Fairview Baptist Tabernacle
Wednesday, December 13, 2017
Staying Connected
 Archived Pastor's Desk 2017.09.24


September 24 – September 30




Scripture Passage:  “If the iron be blunt, and he do not whet the edge, then must he put to more strength: but wisdom is profitable to direct.”    Ecclesiastes 10:10


Dear Friends,


     I remember being told on more than one occasion to work smarter, not harder.  When you are young, you pride yourself on being strong and tough.  I loved the fact that I was known as a
“hard worker.”  At one time, I never concerned myself with the number of hours required to complete a task or the amount of strength and endurance it demanded.  Lifting, tugging, and pulling was my workout since I did not go to a gym.  No one, could out work me.  On more than one occasion, my old farmer friends would say that I was the best work hand they ever had.  All of this remained true until I reached the age of forty and then everything began to change.  I began to tire more easily and often felt “winded” from times of physical exertion.  Despite this, I continued to do the same amount of work allowing more time to complete the task.  Now I pick a day, or afternoon, and plan to do ONE task.  I often call in one of the children or Patty for re-enforcement.  Oh how the mighty have fallen. 


     This reminds me of a story.  I cannot remember where I heard it or even if I will get all the details straight.  I am telling it from memory and will have to fill in the blanks as I go.  It may not be exact, but the moral of the story will remain the same.  Two wood cutters were offered the same job and given a week to prove their abilities.  One was an old man with years of experience, the other a young man filled with brute strength and vitality.  (Daddy would say he was full of vinegar.)  They were to chop down trees each day and at the end of the week, the one with the most trees would win the job.  The young man started out and at the end of the day had chopped down ten trees.  The old man had chopped down five.  The second day the young man had chopped down eight trees and the old man had chopped down five.  The third day the young man had chopped down five trees and the old man five.  The fourth day the young man had chopped down three trees and the old man five. By the fifth day the young man could only chop down one tree no matter how hard he worked.  He was frustrated by the fact that he would often see the old man sitting down in the shade of a tree watching him work.  At the rate both were going, by the end of the sixth day the old man would surpass the young man with amount of trees chopped and would win the job.  The young man stomped over to where the old man was sitting and demanded an answer.  “I work harder than you every day and never sit down to rest in the shade.  By this time tomorrow evening you are going to beat me and I want to know how you did it.”  The old man smiled.  “Son, you do not understand.  Every time I took time to rest and cool off in the shade, I also sharpened my ax.”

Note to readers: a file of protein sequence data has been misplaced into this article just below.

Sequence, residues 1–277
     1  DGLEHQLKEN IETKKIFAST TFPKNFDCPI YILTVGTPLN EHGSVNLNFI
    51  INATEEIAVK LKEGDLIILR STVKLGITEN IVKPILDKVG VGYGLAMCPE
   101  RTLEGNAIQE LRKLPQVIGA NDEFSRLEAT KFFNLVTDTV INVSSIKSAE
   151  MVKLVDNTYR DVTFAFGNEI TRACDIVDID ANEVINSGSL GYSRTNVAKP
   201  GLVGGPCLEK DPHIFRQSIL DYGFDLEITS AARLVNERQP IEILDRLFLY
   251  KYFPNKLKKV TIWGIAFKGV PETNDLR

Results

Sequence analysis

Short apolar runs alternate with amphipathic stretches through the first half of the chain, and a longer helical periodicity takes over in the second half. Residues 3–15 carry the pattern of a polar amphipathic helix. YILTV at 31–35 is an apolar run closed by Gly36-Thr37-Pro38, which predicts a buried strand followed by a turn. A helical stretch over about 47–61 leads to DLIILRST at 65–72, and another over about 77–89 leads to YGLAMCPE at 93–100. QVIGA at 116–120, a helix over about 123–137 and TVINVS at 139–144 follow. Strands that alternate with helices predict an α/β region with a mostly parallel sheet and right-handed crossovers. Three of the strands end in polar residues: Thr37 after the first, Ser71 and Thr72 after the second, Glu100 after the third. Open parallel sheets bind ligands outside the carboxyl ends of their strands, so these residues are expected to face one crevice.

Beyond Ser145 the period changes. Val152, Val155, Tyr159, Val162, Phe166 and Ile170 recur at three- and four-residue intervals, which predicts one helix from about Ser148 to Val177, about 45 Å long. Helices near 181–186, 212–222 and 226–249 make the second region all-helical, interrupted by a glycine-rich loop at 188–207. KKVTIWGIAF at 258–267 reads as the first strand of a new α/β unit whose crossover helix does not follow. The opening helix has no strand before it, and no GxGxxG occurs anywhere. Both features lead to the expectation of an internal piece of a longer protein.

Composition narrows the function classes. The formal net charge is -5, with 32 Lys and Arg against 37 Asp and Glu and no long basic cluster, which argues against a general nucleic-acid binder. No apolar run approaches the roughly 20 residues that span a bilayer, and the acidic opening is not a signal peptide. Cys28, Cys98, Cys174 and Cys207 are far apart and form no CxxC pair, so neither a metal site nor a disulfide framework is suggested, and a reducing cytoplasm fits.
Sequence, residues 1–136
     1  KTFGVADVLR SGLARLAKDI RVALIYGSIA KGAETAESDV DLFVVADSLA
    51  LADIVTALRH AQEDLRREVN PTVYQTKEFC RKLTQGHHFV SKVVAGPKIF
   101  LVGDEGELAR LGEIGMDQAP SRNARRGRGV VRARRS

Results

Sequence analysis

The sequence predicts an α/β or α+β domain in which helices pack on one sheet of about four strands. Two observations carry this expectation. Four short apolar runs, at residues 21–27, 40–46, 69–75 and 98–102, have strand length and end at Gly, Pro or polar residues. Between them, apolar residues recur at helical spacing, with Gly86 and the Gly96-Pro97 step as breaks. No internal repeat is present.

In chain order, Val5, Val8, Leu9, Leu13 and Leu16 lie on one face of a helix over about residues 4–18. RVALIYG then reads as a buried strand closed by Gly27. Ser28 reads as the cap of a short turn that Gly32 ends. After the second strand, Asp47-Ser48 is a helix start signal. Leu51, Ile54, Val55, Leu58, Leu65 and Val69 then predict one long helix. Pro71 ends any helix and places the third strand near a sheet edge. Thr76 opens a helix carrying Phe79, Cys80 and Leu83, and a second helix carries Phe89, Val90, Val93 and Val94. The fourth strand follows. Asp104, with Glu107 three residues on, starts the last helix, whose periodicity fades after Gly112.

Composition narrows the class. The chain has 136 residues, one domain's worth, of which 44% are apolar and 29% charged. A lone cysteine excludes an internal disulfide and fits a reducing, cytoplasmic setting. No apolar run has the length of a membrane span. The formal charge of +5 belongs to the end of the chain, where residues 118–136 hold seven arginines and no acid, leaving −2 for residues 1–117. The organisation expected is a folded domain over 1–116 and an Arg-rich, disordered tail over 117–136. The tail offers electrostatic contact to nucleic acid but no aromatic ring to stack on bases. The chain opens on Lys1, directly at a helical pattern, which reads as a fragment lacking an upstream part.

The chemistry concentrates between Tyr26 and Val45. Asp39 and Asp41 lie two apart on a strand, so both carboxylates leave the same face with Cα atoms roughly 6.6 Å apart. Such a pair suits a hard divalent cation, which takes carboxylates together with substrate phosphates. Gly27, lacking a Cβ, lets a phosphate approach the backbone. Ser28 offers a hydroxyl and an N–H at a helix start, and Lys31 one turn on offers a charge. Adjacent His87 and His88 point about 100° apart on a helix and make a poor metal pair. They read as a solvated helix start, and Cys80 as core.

If I have learned anything in the past ten years, it is to take time to sharpen my ax.  I sit in the shade more than I ever have in my life.  My family still says I work all the time, but even they notice the change that has come with the years.  I go to bed earlier and sleep more hours than I ever have.  Saturday evenings are guarded against providing time for me to sharpen my ax before preaching three times on Sunday.  Sunday afternoon requires a little “nappy nap” to put a sharp edge back on the ax before Sunday night’s service.  If I have a meeting or service to attend on a week night, I take time to rest after I get off work before I leave for the meeting.  It is not an option, it is a necessity.  So as you live your life today and are faced with daunting task and complicated demands, take a little time to sit in the shade and sharpen your ax.  You are not wasting time, you are working smarter. 


In Christ,



Pastor Johnny